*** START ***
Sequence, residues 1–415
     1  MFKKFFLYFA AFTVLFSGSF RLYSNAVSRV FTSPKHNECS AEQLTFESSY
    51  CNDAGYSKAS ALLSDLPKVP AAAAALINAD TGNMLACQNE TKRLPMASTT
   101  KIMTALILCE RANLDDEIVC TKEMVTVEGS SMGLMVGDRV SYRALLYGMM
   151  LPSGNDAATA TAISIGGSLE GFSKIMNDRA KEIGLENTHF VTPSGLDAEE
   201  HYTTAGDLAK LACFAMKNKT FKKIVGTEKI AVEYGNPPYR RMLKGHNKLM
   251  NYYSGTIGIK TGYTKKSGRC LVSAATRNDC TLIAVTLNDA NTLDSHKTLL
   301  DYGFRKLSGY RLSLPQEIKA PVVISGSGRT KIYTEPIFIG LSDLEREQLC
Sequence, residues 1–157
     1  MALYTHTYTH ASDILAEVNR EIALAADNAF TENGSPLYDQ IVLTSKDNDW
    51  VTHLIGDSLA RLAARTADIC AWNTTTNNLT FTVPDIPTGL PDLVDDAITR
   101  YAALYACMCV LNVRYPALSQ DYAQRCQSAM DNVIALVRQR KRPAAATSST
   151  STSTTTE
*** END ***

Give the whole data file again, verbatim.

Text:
Sequence, residues 1–415
     1  MFKKFFLYFA AFTVLFSGSF RLYSNAVSRV FTSPKHNECS AEQLTFESSY
    51  CNDAGYSKAS ALLSDLPKVP AAAAALINAD TGNMLACQNE TKRLPMASTT
   101  KIMTALILCE RANLDDEIVC TKEMVTVEGS SMGLMVGDRV SYRALLYGMM
   151  LPSGNDAATA TAISIGGSLE GFSKIMNDRA KEIGLENTHF VTPSGLDAEE
   201  HYTTAGDLAK LACFAMKNKT FKKIVGTEKI AVEYGNPPYR RMLKGHNKLM
   251  NYYSGTIGIK TGYTKKSGRC LVSAATRNDC TLIAVTLNDA NTLDSHKTLL
   301  DYGFRKLSGY RLSLPQEIKA PVVISGSGRT KIYTEPIFIG LSDLEREQLC
Sequence, residues 1–157
     1  MALYTHTYTH ASDILAEVNR EIALAADNAF TENGSPLYDQ IVLTSKDNDW
    51  VTHLIGDSLA RLAARTADIC AWNTTTNNLT FTVPDIPTGL PDLVDDAITR
   101  YAALYACMCV LNVRYPALSQ DYAQRCQSAM DNVIALVRQR KRPAAATSST
   151  STSTTTE